Another important object, especially for business users, is to automatically provide, for the motorist, a receipt and permanent record of the transaction to facilitate charging of the toll as a business expense. To this end, the invention is so designed as to provide automatic recordation of tolls charged on credit, not only for individual motorists, but also for the operators of fleets of trucks, limousines, or other business vehicles. Fleet operators are enabled, in accordance with the invention, to have a complete record of the exact times and amounts of recorded tolls. They are thus provided not only with an automatic and accurate record of the toll incurred by operation of the vehicles in the fleet, but also are given the capability of monitoring driving times of their vehicle operators, for example. Utilizing the system comprising the present invention also permits fleet operators to maintain accurate records relating to other aspects of vehicle fleet operation, including the number of trips taken by individual vehicles, vehicle location on the highway system, and exact toll recording times.
Another object is to provide further advantages to vehicle drivers or owners, for example elimination of the requirement for stopping of a vehicle to pay a toll, and passage of a vehicle through a toll station at close to a normal driving speed.
Another object is to provide advantages to a vehicle owner or driver, by eliminating or minimizing congestion at toll plazas, and to increase economical fuel usage by minimizing stop-and-go driving.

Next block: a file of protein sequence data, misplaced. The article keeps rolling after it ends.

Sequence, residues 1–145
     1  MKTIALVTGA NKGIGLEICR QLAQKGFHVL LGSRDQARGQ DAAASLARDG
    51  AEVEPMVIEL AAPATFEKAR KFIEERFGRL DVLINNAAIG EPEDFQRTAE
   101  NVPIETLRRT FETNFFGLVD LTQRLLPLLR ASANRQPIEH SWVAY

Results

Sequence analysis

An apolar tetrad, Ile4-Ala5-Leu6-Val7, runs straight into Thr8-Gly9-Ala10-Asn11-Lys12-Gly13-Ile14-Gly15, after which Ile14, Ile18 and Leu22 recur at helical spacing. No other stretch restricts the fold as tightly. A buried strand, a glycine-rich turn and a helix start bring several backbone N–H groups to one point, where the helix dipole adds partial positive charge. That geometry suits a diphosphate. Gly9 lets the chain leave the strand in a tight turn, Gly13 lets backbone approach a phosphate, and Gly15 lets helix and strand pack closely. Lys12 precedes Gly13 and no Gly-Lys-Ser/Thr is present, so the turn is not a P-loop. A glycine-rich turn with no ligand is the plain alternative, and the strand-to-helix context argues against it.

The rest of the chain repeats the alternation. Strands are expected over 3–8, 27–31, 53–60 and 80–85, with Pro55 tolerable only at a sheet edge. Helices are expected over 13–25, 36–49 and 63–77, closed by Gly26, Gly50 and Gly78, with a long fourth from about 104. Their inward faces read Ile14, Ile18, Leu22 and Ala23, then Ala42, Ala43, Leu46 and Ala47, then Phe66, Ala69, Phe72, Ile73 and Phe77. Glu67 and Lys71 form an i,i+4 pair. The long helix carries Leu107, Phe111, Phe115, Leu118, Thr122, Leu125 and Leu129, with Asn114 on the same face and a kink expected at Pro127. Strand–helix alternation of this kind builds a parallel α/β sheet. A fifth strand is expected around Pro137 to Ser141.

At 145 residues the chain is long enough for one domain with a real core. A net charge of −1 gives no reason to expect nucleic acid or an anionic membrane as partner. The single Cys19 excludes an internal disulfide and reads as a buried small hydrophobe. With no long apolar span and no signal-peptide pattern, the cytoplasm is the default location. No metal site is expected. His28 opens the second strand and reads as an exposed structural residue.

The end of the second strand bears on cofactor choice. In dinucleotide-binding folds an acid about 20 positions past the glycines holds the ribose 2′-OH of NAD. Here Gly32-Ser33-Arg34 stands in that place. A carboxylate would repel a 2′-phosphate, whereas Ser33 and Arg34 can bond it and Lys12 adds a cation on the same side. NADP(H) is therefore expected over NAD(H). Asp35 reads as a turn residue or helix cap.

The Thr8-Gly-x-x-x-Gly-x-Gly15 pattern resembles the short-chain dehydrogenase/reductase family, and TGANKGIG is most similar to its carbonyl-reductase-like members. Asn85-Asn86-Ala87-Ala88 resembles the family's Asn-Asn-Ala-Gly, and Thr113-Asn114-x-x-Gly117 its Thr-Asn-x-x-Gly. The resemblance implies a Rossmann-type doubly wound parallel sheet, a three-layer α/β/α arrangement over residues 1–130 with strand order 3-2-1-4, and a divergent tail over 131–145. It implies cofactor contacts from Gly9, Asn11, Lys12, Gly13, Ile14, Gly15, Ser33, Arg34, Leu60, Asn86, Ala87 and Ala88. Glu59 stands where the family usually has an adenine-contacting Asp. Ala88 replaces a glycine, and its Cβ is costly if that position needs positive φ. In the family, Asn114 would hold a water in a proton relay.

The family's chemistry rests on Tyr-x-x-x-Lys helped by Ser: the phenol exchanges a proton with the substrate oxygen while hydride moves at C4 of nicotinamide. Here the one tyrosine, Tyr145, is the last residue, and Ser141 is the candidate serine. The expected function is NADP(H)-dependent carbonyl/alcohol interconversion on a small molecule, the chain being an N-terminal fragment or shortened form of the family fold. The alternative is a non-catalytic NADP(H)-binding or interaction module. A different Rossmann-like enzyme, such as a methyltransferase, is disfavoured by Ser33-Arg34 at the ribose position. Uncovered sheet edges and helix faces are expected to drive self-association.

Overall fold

Still another object is to promote driver convenience by eliminating the necessity of one's endeavoring to locate coins or bills to pay tolls on approaching toll plazas.
Another object is to provide advantages for the authority operating the turnpike, bridge, tunnel or the like, and responsible for collecting the tolls, by not only reducing the number of toll booth operators as discussed above, but also, reducing the total amount of cash handled and in this way promote better security.
Another object is to provide, for a vehicle owner or driver, a complete record usable in justification of business travel expenses, for such purposes as supporting tax returns and obtaining reimbursement for the expenses incurred.
Another object is to facilitate the calculation and granting of "commuter discounts", e.g., monthly rates and the like.
Another object is to provide further advantages for a toll road authority, by smoothing traffic flow and permitting vehicles to proceed through the toll station at close to normal highway speeds.